Robert Frost once wrote, “Good fences make good neighbors.” My only wish is that they were soundproof.
Library etiquette is no new phenomenon. As children, our parents taught us to sit silently at weddings or church, museums and theaters. So why, as young adults, are some students in desperate need of a second course on manners?
Students find refuge in the library, an escape from chatter and noise from the outdoors as they cram for exams or polish research papers.
Then there are “the others”:those who rudely occupy valuable space to check their Facebook, feasting on chips and “$5-foot-longs,” turning the library into their own personal lounge.
Swerving through aisles in search of an available computer could be less maddening if the screens were not inhabited by music videos and games.
The library does not allow students to check e-mails or use Microsoft Word with computers located on the first floor, preventing many from doing legitimate work. Yet, there are no regulations regarding Web sites such as MySpace, which would rarely, if ever, be used for research.
Many are forced to locate upstairs where a limited amount of computers are provided. Lines inevitably form and people anxiously wait in hopes that one will become vacant before their class begins.
Meanwhile, discourteous peers continue to Tweet: “@library. Just taking up space.”
Social networking is more popular than ever, showing no signs of slowing down. For whatever reason, people feel the need to always stay connected, but there is a time and a place. The library is not one of them.
Obnoxious peers, who apparently cannot refrain from answering phone calls, should not disrupt those who are immersed in books, and who are focused and studious.
Your lives are not that interesting. Your neighbors could care less about what John said, or what Jane wore.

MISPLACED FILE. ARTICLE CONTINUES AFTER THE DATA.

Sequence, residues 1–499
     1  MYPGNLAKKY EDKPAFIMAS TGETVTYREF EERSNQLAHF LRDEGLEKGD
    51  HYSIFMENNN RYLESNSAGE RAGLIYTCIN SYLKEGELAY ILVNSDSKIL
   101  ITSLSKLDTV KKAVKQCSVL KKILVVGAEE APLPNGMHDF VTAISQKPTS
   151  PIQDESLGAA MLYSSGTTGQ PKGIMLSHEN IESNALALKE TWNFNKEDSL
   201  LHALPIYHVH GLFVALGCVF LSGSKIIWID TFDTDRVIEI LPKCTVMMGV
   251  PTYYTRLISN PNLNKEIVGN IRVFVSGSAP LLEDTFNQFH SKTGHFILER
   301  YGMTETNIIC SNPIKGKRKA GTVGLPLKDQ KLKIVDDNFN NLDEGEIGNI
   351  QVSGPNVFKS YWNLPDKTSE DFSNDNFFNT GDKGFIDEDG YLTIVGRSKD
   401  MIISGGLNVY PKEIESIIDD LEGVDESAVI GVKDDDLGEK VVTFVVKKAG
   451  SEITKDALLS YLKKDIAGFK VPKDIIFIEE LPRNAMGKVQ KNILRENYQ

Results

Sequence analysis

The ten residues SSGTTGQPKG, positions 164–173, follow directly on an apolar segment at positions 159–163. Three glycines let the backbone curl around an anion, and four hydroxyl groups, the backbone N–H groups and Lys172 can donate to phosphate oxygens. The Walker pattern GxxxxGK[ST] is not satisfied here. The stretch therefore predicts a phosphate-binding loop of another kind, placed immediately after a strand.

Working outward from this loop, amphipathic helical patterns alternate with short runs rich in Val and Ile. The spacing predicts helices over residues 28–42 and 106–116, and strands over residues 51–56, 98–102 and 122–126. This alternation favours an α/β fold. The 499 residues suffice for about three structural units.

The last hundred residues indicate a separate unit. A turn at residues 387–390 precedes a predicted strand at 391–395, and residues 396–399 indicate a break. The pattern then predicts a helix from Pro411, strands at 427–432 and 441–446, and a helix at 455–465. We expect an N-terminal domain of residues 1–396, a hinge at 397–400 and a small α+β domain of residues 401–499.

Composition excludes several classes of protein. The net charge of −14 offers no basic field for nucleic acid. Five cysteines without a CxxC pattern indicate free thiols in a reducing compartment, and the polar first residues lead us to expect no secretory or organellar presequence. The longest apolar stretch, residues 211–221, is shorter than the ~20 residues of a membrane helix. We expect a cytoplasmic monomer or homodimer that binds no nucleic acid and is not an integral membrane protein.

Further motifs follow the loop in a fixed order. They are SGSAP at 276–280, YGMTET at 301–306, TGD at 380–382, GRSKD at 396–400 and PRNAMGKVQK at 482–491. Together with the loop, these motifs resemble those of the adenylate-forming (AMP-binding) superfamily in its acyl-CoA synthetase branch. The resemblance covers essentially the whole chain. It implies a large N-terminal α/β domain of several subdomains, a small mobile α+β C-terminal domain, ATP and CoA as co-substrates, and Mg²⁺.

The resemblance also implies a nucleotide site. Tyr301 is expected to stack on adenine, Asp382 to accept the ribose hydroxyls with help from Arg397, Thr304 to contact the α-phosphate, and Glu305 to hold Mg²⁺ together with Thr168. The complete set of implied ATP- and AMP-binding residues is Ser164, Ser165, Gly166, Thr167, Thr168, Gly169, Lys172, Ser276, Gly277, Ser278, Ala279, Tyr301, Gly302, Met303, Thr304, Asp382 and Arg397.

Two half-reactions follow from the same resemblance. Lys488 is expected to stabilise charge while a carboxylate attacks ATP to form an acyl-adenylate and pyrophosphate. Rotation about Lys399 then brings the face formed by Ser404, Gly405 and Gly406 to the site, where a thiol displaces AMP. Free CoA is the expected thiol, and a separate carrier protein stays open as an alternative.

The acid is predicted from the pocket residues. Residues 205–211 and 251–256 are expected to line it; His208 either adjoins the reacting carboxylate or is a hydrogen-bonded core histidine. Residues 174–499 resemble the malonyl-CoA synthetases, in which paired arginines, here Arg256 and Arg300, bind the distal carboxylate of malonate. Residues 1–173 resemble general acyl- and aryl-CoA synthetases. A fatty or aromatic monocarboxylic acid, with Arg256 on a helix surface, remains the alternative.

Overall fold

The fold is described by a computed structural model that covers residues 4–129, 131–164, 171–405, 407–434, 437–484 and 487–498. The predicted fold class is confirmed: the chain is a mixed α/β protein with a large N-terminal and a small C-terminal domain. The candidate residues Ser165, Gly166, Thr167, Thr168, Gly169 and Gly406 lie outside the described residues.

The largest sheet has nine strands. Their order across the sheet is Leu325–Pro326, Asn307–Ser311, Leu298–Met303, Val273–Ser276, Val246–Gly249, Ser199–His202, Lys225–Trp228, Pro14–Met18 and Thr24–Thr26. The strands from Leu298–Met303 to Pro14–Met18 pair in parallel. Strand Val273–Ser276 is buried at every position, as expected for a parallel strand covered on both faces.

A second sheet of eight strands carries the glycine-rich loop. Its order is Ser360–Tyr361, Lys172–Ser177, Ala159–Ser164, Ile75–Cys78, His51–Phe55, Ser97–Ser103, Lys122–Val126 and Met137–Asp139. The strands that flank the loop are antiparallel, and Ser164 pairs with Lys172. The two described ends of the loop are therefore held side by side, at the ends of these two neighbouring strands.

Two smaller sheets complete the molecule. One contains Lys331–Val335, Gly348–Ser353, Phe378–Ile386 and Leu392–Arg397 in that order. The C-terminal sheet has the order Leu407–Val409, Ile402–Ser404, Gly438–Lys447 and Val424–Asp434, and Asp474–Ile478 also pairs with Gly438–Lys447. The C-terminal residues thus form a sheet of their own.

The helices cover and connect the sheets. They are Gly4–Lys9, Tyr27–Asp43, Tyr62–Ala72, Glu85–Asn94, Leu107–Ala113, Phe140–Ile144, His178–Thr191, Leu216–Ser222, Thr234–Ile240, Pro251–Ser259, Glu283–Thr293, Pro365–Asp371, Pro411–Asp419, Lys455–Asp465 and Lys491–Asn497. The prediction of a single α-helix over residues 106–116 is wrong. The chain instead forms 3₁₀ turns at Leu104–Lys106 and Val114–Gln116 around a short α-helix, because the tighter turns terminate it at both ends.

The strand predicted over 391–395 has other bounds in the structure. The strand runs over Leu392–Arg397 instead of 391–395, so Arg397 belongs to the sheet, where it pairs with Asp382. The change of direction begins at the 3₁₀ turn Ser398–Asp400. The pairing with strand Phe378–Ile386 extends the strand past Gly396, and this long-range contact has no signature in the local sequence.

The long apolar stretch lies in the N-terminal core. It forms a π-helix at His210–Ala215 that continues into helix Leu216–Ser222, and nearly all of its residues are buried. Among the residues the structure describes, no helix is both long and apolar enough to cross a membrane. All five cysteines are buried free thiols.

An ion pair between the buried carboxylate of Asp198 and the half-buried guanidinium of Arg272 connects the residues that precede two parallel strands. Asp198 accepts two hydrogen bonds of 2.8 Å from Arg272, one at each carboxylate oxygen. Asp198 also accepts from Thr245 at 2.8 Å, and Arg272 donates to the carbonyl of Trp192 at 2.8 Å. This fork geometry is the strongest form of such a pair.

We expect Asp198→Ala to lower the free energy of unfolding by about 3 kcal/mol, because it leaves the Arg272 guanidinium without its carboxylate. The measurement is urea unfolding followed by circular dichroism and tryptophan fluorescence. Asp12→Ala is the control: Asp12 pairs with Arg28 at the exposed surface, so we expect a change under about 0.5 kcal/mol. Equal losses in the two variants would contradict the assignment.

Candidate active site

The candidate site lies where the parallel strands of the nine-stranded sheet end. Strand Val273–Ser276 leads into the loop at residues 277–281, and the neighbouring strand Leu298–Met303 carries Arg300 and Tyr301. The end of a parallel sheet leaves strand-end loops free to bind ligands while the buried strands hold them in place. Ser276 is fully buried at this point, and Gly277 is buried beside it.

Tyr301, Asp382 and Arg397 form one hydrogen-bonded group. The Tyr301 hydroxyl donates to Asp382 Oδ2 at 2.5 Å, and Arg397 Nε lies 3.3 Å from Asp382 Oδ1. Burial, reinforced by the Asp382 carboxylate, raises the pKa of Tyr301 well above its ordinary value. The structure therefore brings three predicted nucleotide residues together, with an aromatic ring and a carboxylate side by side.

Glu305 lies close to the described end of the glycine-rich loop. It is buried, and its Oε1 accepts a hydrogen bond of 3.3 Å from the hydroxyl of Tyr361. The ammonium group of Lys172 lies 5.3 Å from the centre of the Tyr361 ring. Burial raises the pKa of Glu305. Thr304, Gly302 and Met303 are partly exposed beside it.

At times, study rooms seem to be the only place where peace and quiet can be found. Other times, music from next door can be heard so clearly you would think the walls were made of paper maché.
Librarians can be asked to quiet down a group, or students themselves can build enough nerves to approach those who have complete disregard for others. At any rate, either option is likely to be ineffective. Most are frequent offenders and have danced this dance many times.
Usually, once told to quiet down by a fellow student, the talkative bunch becomes defensive or out of spite, begins to speak louder. When a librarian confronts “the others,” they flash a smile and submit to orders, but the rude behavior resumes as soon as the librarian has gone back to his or her chair.
It is a game of stop-and-go, where librarians just stop by the disruptive people and go on their way, and students briefly stop their conversation and go on as usual.
What is difficult to comprehend is why, out of the so many places students have to “hang out” on campus, they choose to do so in the library. The library’s policy requests people to “speak softly, especially when using cell phones.” Wouldn’t it make more sense to ban it all together?
Speaking softly is relative. Just ask those who are forced to listen to the loud chatter.
Librarians are a valuable resource, made available to assist students in navigating periodicals and databases, not babysitting and playing “hall monitor.” Granted, an active attempt to implement the library’s policies seem to be almost non-existent, students must encompass personal responsibility.
As grown adults, Big Brother should not have to monitor Internet usage and our inside voices. Where some students practice common courtesy and make conscious decisions to be respectful to their peers, a selective few is sure to need a second course on library etiquette.